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Puigdemont stays away as ousted Catalonia deputies attend court

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Sacked members of Catalonia's regional government are appearing at Spain's high court to face rebellion and sedition charges, after October's disputed independence referendum.

Nine officials have turned up at the court in Madrid for questioning.
But ousted Catalan leader Carles Puigdemont and four others have stayed away. Prosecutors could order their arrest.

Mr Puigdemont, who is now in Belgium, said: "This is a political trial."
Spain has been gripped by a constitutional crisis since the referendum was held on 1 October in defiance of a constitutional court ruling that had declared it illegal.

Last week, Spanish Prime Minister Mariano Rajoy imposed direct rule on Catalonia, dissolving the regional parliament and calling snap local elections for 21 December.

This came after Catalan lawmakers voted to declare independence of the affluent north-eastern region.
The Catalan government said that of the 43% of potential voters who took part in the referendum, 90% were in favour of independence.

What is expected in the Madrid court?

On Monday, Spain's chief prosecutor said the Catalan leaders were accused of rebellion - which carries a maximum 30-year jail term - as well as sedition and misuse of funds.

They were ordered to appear in Madrid's Audiencia National (high court) on Thursday morning for questioning.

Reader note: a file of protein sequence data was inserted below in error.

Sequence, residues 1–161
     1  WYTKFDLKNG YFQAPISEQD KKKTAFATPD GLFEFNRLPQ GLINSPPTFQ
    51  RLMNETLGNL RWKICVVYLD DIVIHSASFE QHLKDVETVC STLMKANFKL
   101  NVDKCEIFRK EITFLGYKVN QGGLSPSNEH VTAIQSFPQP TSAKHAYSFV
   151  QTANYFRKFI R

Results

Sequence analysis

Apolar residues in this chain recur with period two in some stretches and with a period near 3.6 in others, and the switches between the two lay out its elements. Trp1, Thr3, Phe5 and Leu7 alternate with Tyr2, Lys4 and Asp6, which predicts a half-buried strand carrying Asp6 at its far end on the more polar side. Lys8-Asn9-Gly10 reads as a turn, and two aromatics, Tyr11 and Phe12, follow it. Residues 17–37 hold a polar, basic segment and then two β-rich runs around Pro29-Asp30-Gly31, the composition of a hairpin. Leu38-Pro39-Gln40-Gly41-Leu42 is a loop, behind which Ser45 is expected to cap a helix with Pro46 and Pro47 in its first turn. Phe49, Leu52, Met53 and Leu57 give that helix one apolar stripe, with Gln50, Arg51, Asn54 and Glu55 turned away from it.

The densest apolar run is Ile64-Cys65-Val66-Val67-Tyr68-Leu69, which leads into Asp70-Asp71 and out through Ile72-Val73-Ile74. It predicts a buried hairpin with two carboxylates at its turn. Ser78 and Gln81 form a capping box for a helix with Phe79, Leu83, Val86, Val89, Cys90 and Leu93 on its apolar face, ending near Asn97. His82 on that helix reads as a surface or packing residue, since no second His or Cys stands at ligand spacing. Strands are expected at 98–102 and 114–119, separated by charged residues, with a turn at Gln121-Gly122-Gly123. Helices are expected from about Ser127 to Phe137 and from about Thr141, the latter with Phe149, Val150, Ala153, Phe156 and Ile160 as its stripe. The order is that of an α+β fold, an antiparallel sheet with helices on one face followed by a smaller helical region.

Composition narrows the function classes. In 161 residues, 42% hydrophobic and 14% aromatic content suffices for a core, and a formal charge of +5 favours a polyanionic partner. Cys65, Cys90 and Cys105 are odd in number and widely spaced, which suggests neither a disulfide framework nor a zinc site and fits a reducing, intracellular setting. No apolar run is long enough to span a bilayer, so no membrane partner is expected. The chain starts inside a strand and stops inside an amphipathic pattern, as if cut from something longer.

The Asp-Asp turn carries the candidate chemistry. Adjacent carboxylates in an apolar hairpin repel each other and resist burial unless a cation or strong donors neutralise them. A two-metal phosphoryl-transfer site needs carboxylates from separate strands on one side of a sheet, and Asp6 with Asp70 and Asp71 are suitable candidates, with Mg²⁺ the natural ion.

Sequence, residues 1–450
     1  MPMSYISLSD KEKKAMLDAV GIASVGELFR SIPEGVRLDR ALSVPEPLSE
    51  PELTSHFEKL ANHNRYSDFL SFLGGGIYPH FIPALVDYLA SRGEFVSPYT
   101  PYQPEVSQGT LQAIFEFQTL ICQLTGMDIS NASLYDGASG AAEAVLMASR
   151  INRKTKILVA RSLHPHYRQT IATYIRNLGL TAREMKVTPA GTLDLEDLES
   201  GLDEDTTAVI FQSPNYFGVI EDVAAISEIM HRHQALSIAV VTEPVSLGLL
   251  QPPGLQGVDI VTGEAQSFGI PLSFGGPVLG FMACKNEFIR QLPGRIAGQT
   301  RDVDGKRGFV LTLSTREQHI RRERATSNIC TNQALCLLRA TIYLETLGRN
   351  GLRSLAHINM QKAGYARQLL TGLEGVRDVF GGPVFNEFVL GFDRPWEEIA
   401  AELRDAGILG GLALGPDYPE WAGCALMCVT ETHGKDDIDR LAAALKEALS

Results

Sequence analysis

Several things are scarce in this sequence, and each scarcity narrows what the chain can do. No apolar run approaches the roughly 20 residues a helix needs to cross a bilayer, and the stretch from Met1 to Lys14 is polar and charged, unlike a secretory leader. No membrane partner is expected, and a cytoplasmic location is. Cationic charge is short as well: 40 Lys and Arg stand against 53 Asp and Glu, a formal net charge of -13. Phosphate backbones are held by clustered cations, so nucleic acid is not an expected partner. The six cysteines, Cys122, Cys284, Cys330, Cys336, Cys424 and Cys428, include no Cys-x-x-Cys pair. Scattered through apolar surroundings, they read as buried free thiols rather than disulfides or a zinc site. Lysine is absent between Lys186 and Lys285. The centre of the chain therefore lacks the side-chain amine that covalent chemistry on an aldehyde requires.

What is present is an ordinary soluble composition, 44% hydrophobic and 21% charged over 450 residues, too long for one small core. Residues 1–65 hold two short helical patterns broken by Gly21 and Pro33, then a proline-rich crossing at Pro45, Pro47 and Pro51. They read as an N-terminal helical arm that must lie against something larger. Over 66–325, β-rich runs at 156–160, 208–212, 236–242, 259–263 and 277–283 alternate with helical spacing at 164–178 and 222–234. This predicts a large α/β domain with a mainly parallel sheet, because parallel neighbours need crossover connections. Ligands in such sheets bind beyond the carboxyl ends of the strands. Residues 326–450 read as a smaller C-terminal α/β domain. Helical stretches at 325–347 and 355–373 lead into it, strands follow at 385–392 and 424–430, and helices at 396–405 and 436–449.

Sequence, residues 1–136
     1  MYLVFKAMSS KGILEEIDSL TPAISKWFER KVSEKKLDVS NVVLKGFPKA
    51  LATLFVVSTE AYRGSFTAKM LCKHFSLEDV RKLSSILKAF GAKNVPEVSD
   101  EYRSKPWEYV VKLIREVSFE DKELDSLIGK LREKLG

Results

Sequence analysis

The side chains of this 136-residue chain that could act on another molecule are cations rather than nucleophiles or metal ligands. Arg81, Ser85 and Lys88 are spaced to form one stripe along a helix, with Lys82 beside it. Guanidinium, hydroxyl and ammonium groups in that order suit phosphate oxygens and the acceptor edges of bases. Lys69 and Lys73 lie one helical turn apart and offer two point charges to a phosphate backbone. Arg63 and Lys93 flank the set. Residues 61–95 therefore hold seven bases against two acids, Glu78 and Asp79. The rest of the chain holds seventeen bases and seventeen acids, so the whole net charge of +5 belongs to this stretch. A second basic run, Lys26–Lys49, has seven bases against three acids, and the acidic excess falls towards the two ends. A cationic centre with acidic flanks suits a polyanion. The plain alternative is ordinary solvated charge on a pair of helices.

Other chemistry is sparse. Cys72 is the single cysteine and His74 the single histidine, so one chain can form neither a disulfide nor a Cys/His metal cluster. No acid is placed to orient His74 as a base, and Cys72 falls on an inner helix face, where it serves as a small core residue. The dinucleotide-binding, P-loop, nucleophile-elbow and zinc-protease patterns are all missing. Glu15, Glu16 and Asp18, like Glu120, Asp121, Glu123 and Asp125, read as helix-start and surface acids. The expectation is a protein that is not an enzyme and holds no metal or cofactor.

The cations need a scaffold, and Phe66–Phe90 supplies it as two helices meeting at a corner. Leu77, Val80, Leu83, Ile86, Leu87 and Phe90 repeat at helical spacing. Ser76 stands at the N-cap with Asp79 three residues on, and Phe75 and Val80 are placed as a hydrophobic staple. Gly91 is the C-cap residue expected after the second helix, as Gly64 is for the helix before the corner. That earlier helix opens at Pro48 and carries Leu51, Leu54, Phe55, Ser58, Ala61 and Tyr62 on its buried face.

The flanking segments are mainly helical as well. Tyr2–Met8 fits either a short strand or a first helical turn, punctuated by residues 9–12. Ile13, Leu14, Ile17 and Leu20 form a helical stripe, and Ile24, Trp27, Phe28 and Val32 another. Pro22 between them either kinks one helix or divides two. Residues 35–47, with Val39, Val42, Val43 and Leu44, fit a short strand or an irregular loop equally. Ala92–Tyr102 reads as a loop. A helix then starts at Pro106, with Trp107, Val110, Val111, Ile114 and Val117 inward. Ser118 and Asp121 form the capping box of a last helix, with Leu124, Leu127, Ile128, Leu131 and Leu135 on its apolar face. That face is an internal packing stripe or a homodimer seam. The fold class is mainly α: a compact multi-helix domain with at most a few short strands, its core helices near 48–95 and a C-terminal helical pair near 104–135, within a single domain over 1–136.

They are yet to be formally charged. A judge will have to decide whether the officials should go to jail pending an investigation that could potentially lead to a trial.

The judge can also grant them conditional bail and order them to surrender their passports.

Who has showed up - and who has not?

Mr Puigdemont had previously said he would not return to Spain if he and his colleagues did not receive unspecified guarantees of a fair trial.

His Belgian lawyer told Reuters news agency that he would co-operate with the authorities, but did not appear before the judges because "the climate is not good".

The four other sacked leaders who failed to show up at the high court also stayed in Belgium. Reports suggest some of them requested to appear before the judges via videolink.

Mr Puigdemont's handling of the crisis has drawn criticism among some other Catalan politicians, with left-wing parliamentary deputy Joan Josep Nuet saying his absence could make matters worse for those who followed the court's order.

"The attitude... has been really absurd, managing only to create yet more bewilderment," he told Catalunya Radio.
Among those who showed up were the sacked deputy leader Oriol Junqueras, Interior Minister Joaquin Forn, foreign affairs chief Raül Romeva and spokesman Jordi Turull.

Meanwhile, five other senior members of the Catalan parliament, as well as speaker Carme Forcadell, are facing the same charges but, because of their parliamentary immunity, their cases are being handled by the Supreme Court.
Their hearings have been postponed until 9 November.

Despite Mr Puigdemont's position, the Spanish government insists it has no influence over the country's judiciary, the BBC's Tom Burridge in Barcelona says.

But if those Catalan politicians appearing in court are denied bail it will cause further anger among those who want Catalonia to break away, our correspondent adds.

The court summons also gave them three days to pay a deposit of €6.2m ($7.2m) to cover potential liabilities.